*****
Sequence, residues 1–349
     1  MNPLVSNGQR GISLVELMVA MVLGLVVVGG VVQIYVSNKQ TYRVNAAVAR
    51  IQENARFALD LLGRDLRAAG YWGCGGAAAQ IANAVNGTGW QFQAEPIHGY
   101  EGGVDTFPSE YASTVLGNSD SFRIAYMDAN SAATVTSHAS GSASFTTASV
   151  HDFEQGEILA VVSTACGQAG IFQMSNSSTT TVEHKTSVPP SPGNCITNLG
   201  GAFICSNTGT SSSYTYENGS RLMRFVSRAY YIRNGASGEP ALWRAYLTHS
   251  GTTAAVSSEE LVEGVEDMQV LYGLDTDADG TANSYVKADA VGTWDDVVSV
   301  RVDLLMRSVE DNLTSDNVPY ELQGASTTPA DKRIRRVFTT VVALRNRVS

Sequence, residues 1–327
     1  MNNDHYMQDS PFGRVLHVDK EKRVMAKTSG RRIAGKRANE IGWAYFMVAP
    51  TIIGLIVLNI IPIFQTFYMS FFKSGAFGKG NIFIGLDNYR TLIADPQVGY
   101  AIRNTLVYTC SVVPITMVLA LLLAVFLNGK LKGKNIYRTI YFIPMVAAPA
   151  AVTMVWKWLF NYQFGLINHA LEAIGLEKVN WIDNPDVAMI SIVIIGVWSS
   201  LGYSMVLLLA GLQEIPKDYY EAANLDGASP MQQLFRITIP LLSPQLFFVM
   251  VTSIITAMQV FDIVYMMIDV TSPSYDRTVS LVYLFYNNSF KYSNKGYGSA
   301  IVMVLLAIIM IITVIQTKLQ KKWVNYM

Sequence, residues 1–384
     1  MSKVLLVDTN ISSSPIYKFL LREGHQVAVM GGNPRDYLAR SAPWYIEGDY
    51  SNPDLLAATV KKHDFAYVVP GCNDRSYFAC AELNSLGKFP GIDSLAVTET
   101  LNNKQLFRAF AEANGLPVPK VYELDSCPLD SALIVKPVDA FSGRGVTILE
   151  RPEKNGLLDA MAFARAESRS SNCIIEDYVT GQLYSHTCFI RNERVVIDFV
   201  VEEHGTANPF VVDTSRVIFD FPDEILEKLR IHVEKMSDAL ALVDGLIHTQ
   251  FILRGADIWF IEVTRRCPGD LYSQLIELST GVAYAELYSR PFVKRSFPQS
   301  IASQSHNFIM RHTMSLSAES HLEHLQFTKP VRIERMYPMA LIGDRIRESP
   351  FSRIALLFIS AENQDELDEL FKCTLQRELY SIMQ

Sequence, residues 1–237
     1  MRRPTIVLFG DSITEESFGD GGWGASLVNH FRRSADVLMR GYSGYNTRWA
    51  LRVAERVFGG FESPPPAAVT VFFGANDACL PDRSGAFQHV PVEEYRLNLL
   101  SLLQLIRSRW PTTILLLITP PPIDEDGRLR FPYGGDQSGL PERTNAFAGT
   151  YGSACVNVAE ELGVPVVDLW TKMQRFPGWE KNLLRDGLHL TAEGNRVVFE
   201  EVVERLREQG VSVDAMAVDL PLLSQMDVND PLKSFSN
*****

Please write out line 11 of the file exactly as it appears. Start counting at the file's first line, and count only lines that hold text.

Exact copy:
    51  TIIGLIVLNI IPIFQTFYMS FFKSGAFGKG NIFIGLDNYR TLIADPQVGY